Today, I played in another SCGA event. This one was at Vista Valley Country Club, which most people don’t know much about. It’s kind of obscurely located geographically and it’s not one of the big name clubs in San Diego County, but I sure enjoyed the experience there.
The price was a reasonable $60 for this outing. My group teed off around noon and the pace was decent at around 4:20. The weather was excellent and there are some great viewpoints on this course, which features some cool changes in elevation.
Vista Valley was designed by Ted Robinson, Sr., and as an older course that has undoubtedly been modified and modernized over the years, it does have some quirks. It’s definitely one of those courses you need to play a number of times to really figure out certain holes. As a group of first-time players, it was an adventure at times.
Vista Valley is kind of a tale of two nines. Both sides of the course are demanding and fun, but there is definitely a different vibe from one nine to the next. The front nine is tighter through a more wooded area down in a canyon. The back nine is more of a “canyon” style course playing along the hillsides and atop some of the ridges, while also dipping down into the valley a few times, too. Both nines are pretty hilly, flat lies are very rare and just about every hole makes you work for a good score.
Overall, the setting is very pretty and secluded. A big hillside protects the south side of the property while any of the homes in this community are bunched on the north side of the course and really don’t come into play much at all. There are a couple holes on the back nine that run close to the main road through that area (Gopher Canyon Road), so that’s just a minor nuisance.
The most unusual part of the course comes on holes 13 and 14, which may be too quirky for some. The 13th is a crazy par-4 with a pretty blind tee shot down a hill. There are a couple of fairway shelves as you work your way to the bottom, where a tall tree sits in the middle of the fairway. Water is on the right making for an even less comfortable tee shot. Once at the bottom, the hole doglegs up and to the left with a pretty severe uphill approach.
The 14th is interesting in that, when playing either the blue or white tees, it can be played as either a long par-3 or a short par-4. Water guards the green front and right while tall trees and a hillside keep you from bailing out to the left. Ultimately, I think it’s much better suited as a par-3, which apparently is how it was originally designed by Robinson. I am not sure why or when they added the upper tees to make it an optional par-4. As the player, you decide which you want to play. The upper tees do provide some great views. We ultimately decided to play the par-4 version, only because the par-3 from the blues is a beastly 235 yards with all those hazards I mentioned in play. As a par-4, though, it just doesn’t feel like a good hole design.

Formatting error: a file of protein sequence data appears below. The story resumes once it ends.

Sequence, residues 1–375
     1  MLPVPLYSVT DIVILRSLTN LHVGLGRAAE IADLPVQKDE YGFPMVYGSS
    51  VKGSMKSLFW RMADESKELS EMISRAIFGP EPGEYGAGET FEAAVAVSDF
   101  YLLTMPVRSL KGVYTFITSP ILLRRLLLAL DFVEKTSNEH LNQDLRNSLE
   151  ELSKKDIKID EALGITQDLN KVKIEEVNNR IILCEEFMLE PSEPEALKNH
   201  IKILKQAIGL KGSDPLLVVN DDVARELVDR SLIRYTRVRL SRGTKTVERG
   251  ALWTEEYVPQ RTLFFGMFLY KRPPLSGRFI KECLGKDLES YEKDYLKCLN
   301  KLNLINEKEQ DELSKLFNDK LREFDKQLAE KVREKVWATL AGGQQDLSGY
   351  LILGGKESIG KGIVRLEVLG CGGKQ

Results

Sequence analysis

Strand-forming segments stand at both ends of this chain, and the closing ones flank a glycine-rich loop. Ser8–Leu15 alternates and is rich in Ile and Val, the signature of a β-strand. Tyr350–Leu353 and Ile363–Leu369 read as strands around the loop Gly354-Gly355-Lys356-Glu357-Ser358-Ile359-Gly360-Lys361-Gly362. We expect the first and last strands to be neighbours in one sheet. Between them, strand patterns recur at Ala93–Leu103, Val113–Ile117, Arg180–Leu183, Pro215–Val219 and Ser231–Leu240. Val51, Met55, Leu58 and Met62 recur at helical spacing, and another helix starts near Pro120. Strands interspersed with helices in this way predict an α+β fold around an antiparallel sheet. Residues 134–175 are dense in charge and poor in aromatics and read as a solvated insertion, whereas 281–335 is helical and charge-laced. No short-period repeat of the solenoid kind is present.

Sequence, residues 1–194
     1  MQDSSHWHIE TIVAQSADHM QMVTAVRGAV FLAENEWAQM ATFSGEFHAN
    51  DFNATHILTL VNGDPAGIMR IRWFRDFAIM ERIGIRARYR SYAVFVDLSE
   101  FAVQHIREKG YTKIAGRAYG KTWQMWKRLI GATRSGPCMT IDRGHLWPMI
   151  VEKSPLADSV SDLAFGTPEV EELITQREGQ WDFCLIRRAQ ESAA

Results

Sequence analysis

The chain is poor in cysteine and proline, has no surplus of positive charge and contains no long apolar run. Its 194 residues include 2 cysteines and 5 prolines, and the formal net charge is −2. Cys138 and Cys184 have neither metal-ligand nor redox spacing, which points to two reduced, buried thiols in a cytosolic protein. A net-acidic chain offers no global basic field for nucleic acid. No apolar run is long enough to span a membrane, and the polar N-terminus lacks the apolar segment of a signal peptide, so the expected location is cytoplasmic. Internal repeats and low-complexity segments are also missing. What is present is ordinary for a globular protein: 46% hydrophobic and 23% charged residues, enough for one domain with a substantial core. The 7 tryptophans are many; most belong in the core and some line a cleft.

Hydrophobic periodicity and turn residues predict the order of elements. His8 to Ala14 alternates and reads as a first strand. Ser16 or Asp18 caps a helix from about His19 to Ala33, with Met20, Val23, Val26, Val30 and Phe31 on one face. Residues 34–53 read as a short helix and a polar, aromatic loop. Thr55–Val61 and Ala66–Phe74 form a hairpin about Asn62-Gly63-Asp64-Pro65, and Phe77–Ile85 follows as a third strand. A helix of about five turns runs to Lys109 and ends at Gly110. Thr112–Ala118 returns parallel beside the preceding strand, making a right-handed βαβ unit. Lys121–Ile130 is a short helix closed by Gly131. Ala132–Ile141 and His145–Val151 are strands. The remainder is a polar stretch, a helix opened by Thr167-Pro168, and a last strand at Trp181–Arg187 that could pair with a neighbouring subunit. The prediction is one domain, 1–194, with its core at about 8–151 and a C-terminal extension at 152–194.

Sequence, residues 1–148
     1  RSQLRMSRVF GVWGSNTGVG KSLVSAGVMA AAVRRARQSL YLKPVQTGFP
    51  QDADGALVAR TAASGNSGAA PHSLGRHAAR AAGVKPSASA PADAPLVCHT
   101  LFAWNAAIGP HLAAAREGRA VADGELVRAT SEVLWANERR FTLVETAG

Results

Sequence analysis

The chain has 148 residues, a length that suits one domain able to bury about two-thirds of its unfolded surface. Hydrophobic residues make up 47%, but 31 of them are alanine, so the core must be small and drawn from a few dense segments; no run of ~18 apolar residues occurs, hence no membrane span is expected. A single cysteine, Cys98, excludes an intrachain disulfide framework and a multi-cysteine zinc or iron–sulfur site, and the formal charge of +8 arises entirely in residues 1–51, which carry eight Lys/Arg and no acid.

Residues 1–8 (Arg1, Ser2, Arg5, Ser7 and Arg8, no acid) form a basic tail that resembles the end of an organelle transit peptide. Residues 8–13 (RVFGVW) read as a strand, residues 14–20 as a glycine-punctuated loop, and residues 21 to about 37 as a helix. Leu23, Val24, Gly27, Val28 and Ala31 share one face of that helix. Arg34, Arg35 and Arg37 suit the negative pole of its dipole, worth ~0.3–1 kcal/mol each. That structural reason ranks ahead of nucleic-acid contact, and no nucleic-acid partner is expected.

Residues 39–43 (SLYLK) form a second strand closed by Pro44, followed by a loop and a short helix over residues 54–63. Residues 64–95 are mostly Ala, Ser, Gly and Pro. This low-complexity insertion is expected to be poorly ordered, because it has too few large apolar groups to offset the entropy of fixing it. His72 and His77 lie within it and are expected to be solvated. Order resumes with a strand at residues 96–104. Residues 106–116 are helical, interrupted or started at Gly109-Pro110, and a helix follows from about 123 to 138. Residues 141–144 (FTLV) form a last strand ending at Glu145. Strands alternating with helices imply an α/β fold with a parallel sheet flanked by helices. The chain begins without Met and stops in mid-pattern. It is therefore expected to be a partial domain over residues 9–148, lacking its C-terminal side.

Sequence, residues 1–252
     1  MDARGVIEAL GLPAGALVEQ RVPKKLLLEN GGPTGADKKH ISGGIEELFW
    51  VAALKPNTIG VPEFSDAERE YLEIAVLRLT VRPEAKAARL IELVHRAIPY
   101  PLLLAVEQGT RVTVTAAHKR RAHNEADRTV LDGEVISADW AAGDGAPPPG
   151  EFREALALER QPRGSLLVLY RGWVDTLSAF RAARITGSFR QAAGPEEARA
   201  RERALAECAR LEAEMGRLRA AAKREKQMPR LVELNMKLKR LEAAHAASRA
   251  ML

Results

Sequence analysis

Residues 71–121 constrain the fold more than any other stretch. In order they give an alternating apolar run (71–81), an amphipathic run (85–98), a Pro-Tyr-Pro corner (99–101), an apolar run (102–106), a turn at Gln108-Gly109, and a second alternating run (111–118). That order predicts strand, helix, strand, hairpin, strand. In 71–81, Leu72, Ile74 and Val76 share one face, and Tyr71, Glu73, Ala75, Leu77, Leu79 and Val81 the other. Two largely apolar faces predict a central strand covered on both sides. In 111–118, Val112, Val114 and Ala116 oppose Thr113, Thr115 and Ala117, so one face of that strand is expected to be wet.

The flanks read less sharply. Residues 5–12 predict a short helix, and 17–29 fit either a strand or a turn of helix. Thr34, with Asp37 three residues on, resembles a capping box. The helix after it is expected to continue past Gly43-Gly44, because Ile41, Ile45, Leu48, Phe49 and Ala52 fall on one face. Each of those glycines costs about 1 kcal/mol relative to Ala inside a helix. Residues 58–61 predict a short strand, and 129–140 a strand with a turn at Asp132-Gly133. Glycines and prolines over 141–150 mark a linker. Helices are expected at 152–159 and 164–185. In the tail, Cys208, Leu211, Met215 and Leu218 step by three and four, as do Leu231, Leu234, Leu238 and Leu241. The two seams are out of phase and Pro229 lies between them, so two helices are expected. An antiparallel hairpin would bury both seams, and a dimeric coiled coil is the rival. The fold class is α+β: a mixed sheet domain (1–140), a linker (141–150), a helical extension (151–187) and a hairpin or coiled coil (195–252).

The conditions overall were very good. The tee boxes were definitely the weakest part of the course. We played the combo set. The blues tended to be shaggy and a little disheveled as they are still recovering from some overseeding. The whites were more dried out and chewed up, but it was easier to find a good spot to tee it up. The fairways and rough were quite lush and nice throughout. The bunkers were good. The greens were almost totally healed from aeration at the beginning of this month. They were rolling much slower than they looked and still bumpy in places, but mostly good and should only improve in the coming weeks.
Other than a few quirks that you’ll either find interesting or annoying (or maybe a bit of both), Vista Valley is a really fun and challenging course that I would easily recommend. That’s especially true with a reasonable rate like we had today with the SCGA. I can definitely say you won’t walk away from the course feeling bored. You may feel a bit beat up, though!
Some pictures from Vista Valley Country Club (10/22/15):
The 14th as a long par-3:
The 14th as a short par-4: